Grade II listed buildings in Liverpool-L5

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Listed Buildings in Liverpool
Listed buildings in Liverpool
Grade I listed buildings
Grade II* listed buildings
City Centre · Suburbs
Grade II listed buildings:
L1 · L2 · L3 · L4 · L5 · L6 · L7 · L8 · L9 · L10 · L11 · L12 · L13 · L14 · L15 · L16 · L17 · L18 · L19 · L24 · L25

Liverpool is a city and port in Merseyside, England, which contains many listed buildings. A listed building is a structure designated by English Heritage of being of architectural and/or of historical importance and, as such, is included in the National Heritage List for England. There are three grades of listing, according to the degree of importance of the structure. Grade I includes those buildings that are of "exceptional interest, sometimes considered to be internationally important"; the buildings in Grade II* are "particularly important buildings of more than special interest"; and those in Grade II are "nationally important and of special interest". Very few buildings are included in Grade I — only 2.5% of the total. Grade II* buildings represent 5.5% of the total, while the great majority, 92%, are included in Grade II.[1]

Liverpool contains more than 1,550 listed buildings, of which 28 are in Grade I, 109 in Grade II*, and the rest in Grade II.[a] This list contains the Grade II listed buildings in the L5 postal district of Liverpool. This area lies to the north of the centre of the city. It contains docks, including Stanley Dock, the original west end of the Leeds and Liverpool Canal, and the residential districts of Vauxhall, and Everton. The listed buildings include structures relating to the docks and canal, and elsewhere, churches, houses, a lock-up, a public house, a library, and lamp posts.

Grade II listed buildings from other areas in the city can be found through the template on the right, along with the lists of the Grade I and Grade II* buildings in the city.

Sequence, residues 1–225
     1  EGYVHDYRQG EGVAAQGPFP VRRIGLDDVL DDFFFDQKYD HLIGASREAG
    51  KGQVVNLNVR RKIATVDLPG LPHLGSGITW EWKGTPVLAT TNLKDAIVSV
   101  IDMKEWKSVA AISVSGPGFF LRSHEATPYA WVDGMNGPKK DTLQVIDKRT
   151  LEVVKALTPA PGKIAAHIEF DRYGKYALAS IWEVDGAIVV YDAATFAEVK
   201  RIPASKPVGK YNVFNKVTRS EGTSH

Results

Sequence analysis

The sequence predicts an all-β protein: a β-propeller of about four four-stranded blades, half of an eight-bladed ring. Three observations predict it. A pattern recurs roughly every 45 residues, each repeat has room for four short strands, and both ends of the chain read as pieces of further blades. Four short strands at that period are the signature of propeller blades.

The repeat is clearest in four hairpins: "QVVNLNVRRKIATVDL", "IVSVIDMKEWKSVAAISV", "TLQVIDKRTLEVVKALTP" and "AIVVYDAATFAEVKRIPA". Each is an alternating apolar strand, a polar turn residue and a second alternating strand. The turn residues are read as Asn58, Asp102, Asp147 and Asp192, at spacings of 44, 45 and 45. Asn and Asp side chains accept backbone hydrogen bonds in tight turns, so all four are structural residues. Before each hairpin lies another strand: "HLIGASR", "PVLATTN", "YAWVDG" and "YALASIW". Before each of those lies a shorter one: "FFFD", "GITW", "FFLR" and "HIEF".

Buildings[edit]

Name Location Built Notes
Leigh Bridge Athol Street
53°25′27″N 2°59′23″W / 53.42429°N 2.98960°W / 53.42429; -2.98960 (Leigh Bridge)
1861 A bridge carrying Athol Street over the Leeds and Liverpool Canal. It consists of an iron segmental arch between rusticated stone abutments. The bridge has a balustrade with plaques giving details of its building.[2][3]
St Alban's Church Athol Street
53°25′26″N 2°59′45″W / 53.4240°N 2.9957°W / 53.4240; -2.9957 (St Alban's Church)
1849 A former Roman Catholic church, designed by Weightman and Hadfield. It is built in stone with a slate roof, and consists of a nave and chancel in one vessel, aisles, a clerestory, and a tower at the southwest. Since the church closed it has been used as a rock-climbing centre.[4][5]
Boundary Bridge Boundary Street
53°25′32″N 2°59′21″W / 53.42567°N 2.98918°W / 53.42567; -2.98918 (Leigh Bridge)
1835 A bridge carrying Boundary Street over the Leeds and Liverpool Canal. It was widened in 1861. The original arch was in stone, and it has iron spans added later. The abutments are in stone with rusticated bases. The bridge has solid iron parapets.[2][6]
Richmond Baptist Church Breck Road
53°25′29″N 2°57′19″W / 53.4246°N 2.9554°W / 53.4246; -2.9554 (Richmond Baptist Church)
1864 The chapel was designed by James Picton. It is in brick with stone dressings and a slate roof. The chapel is in two storeys, with two tiers of round-headed windows along the sides. Inside the chapel are galleries on four sides, which are carried on fluted iron columns with Corinthian capitals.[7][8]
Dock wall with entrances Collingwood Dock
53°25′16″N 3°00′01″W / 53.42114°N 3.00036°W / 53.42114; -3.00036 (Dock wall, Collingwood Dock)
1848 Designed by Jesse Hartley, the wall is about 18 feet (5 m) high, and is built in granite. It contains five entrances, with gate piers, watchman's huts, turrets, and towers.[9][10]
Church of Our Lady of Reconciliation Eldon Street
53°25′03″N 2°59′16″W / 53.4175°N 2.9879°W / 53.4175; -2.9879 (Church of Our Lady of Reconciliation)
1859–60 A Roman Catholic church designed by E. W. Pugin. It is constructed in buff stone with red stone dressings and a slate roof. The church consists of a nave and chancel without separation, a clerestory, narrow aisles, and an apse at the east end. On the west gable is a small bellcote, beneath which is a rose window.[4][11]
107 Great Mersey Street
53°25′41″N 2°58′57″W / 53.4281°N 2.9824°W / 53.4281; -2.9824 (107 Great Mersey Street)
Early 19th century A brick house with stone dressings and a slate roof. It has two storeys and a rusticated basement. At the top of the house is a cornice and a parapet. The windows are sashes with wedge lintels.[12]
109–117 Great Mersey Street
53°25′41″N 2°58′56″W / 53.4281°N 2.9821°W / 53.4281; -2.9821 (109–117 Great Mersey Street)
Early 19th century A terrace of five brick houses with stone dressings and a slate roof. They are in three storeys with basements, each house having two bays. At the top is a frieze and a cornice. The windows have wedge lintels; some of them are sashes and others are casements.[13]